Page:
So how can you cook them at home? Well when I went looking for recipes with acorns, I found everything from coffee to cakes and even alcohol that you can make from acorns. I have so much more respect for my oak trees now. 

This next link contains numerous acorn recipes. Suellen Ocean also includes detailed information on how to harvest and prepare them. This is not an affiliate link.

There's also a list available from this blog about 60 different ways you can use acorns in cooking and this website features historical references to the recipes as well.

There’s a recipe from Hieatt & Butler's _An Ordinance of Pottage in the 15th century  that gives a recipe for an acorn pottage. In that book, the writer points out that acorns were traditionally food for the poverty-stricken, and that the “great portion of sugar” and other expensive ingredients in this recipe would be beyond the reach of such a person anyway. (Source: Thank you to Steph Block on this Google Groups thread for the information)

Need to be soaked

I’ve also read that if you don't soak them correctly, the tannins can actually be poisonous to people, so here’s where I suggest you begin

Andrea Maraschi is a Lecturer in Medieval History at Università degli Studi di Bari. He has taught courses on Food history in the Middle Ages and Anthropology of Food, and he has published on many aspects connected with food in medieval times. He wrote an article on the history of the acorn in cooking for The Medieval Times, and here’s what he had to say: 

In 1549, the steward of the House of Este, Cristoforo Messisbugo (†1548) posthumously published a cookbook where we find a recipe for an acorn pie. He suggested taking the acorns and boiling them in broth, and then passing them through a filter. (This is likely the removing the tannins part we mentioned earlier) Then, the cook was to add grated dry cheese, sugar, cinnamon, pepper, butter, and eggs. After making the pie, it was cooked in the oven, and finally sprinkled with sugar. 

Famously, recipes from the 15-16th century rarely include precise measurements, so you’re on your own to add what tastes good. Helpfully, Dr. Maraschi explains that The basic idea of cooking acorns

was to start by removing the tannis [Note from Cassidy: by parboiling them in meat broth or salt water as we see in the earlier 1549 recipe] Then to ground up the acorns [ Again, note from Cassidy: presumably you take them out of their shell here, but it doesn’t say] using a mortar then passing them through a filter. [Again, no explanations provided about what exactly the filter needed to be–was this a cheesecloth, maybe?]… after you filter them, the actual tourte is made by mixing this powder with fresh butter, milk, creamy and grated dry cheese, sugar, ricotta or something similar, cinnamon, pepper, and uncooked egg yolks. Eventually, the pie was was put in the oven and glazed with sugar, cinnamon and rose water.


So, like so many pies in Tudor England, it’s basically a custard with nuts in it. Fancy!


If you want to try them out yourself, I am placing a whole list of modernized recipe links for how to cook with acorns (including a modernized version of the 15-16th century recipes you learned about today and precise instructions on how to remove those tannins before you cook) in the show notes for today’s episode (See the link below this video to find those) Use those to recreate this fun food staple from Shakespeare’s lifetime at home, just in time for Fall and all the pretty acorns.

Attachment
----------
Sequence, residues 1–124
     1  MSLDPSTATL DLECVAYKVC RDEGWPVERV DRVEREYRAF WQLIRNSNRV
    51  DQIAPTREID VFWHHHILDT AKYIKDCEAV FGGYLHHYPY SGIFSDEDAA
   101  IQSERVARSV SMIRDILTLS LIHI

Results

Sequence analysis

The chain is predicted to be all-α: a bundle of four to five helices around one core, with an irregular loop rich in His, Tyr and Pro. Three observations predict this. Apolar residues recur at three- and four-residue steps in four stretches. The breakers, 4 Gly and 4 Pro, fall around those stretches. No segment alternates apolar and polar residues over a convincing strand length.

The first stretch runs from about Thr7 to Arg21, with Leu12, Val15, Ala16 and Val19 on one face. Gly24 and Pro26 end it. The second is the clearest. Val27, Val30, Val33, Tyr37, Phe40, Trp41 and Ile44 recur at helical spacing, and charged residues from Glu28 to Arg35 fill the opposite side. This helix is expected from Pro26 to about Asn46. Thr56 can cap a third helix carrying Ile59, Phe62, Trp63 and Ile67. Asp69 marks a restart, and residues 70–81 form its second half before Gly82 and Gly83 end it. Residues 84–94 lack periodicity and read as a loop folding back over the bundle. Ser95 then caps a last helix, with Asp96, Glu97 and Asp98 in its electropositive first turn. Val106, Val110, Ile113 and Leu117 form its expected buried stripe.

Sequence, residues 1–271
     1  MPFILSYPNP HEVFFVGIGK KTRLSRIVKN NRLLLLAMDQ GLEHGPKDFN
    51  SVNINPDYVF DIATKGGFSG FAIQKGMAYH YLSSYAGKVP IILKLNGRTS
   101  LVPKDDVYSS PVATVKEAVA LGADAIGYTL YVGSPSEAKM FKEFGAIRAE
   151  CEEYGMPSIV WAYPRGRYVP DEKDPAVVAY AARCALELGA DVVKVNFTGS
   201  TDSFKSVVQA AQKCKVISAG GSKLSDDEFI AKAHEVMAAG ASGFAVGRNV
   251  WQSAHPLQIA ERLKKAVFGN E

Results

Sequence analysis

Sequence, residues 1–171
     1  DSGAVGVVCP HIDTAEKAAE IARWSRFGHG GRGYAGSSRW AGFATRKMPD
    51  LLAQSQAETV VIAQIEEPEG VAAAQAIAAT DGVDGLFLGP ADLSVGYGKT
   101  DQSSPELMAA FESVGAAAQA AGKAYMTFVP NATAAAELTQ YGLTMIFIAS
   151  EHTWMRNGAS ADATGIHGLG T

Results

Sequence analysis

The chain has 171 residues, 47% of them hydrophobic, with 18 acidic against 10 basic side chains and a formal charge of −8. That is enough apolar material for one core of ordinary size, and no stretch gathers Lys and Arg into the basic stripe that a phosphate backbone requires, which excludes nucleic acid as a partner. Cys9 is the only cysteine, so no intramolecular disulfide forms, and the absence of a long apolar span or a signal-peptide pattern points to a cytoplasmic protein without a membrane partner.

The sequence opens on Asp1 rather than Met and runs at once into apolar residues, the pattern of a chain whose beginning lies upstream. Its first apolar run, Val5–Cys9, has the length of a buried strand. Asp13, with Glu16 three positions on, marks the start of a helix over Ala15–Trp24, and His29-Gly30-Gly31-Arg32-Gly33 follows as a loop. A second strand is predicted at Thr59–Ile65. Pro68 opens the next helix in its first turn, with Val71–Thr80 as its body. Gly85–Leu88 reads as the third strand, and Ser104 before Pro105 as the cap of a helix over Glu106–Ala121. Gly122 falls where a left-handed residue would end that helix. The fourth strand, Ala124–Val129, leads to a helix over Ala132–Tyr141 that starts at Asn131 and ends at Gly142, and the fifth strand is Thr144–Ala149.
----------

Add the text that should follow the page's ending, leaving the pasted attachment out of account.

Helpful Places to Begin If You Want to Try This For Yourself

  1. How to “Leach” Out The Acorns “You can also do a cold-water process to remove tannins. Place acorn pieces in a jar of cold water and leave it in the refrigerator for a day or two until the water turns brown. Replace the water with fresh cold water and continue until the acorns are no longer bitter. Natural tannin-leaching occurs in the wild. ” Source
  2. Leaching Can Take 1 Day to 1 Week Source
  3. How to Cook Them (After You Leach Them) Woodland Trust advice and The Old Farmer's Almanac

Other Fun History of Acorns Links to Check out

November Calendar Page, Gathering Acorns for Pigs, Sagittarius, Strasbourg, France, early 16th century, Tempera reimagined

German 16th century Knave of Acorns card, V&A Museum

Historical food thread talking about cooking with acorns

Interesting look at the acorn as a symbol. “Traditionally a pagan symbol, the oak was re-interpreted by Christians to represent Christ, a symbol of endurance and strength in the face of adversity. Given the possible date of the manuscript, and the significant damage to the religious images only, suggests this manuscript is a rare survivor of Henry VIII’s iconoclastic reformation when vast quantities of religious materials were destroyed in a Protestant bid to rid the country of any visible signs of Catholicism.” Source

Practical Self-Reliance blog looks at 60 recipes from around the world with acorns

The Art and Craft of the Master Cook by Bartolomeo Scappi

More on Scappi

Article on the history of Hieatt, et al

Credits for Images Used in This Episode:

Unknown author – Opera by Bartolomeo Scappi, Public Domain |

Bowthorpe Oak, Robin Jones, CCASA2.0

Henry VIII, Hans Holbein the Younger , Public Domain

Sound Effects from Pixabay

Robin Hood Meme

Pliny the Elder by Wolfgang Sauber | CCBYSA3.0

Pictures of New Forest:

Jim Champion | This file is licensed under the Creative Commons Attribution ShareAlike 2.5 License

Beech trees in Mallard Wood, New Forest Mallard Wood lies to the south of the A35 road, mid-way between Lyndhurst and Ashurst. The open woodland is grazed by commoners' stock and wild deer, hence the lack of lower branches and ground cover. Here the late afternoon sun is illuminating new leaves on these beech trees.- Jim Champion, CCBYASA3.0 Link:,